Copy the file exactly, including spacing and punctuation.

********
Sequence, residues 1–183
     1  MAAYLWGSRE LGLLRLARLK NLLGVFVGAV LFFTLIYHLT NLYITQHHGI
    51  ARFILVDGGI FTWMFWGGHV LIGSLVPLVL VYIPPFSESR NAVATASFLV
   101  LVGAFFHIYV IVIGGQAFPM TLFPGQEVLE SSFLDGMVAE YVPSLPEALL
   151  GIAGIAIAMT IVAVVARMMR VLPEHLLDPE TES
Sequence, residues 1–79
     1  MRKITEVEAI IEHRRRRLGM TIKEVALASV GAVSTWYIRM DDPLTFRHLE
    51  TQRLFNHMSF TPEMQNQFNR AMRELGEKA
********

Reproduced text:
Sequence, residues 1–183
     1  MAAYLWGSRE LGLLRLARLK NLLGVFVGAV LFFTLIYHLT NLYITQHHGI
    51  ARFILVDGGI FTWMFWGGHV LIGSLVPLVL VYIPPFSESR NAVATASFLV
   101  LVGAFFHIYV IVIGGQAFPM TLFPGQEVLE SSFLDGMVAE YVPSLPEALL
   151  GIAGIAIAMT IVAVVARMMR VLPEHLLDPE TES
Sequence, residues 1–79
     1  MRKITEVEAI IEHRRRRLGM TIKEVALASV GAVSTWYIRM DDPLTFRHLE
    51  TQRLFNHMSF TPEMQNQFNR AMRELGEKA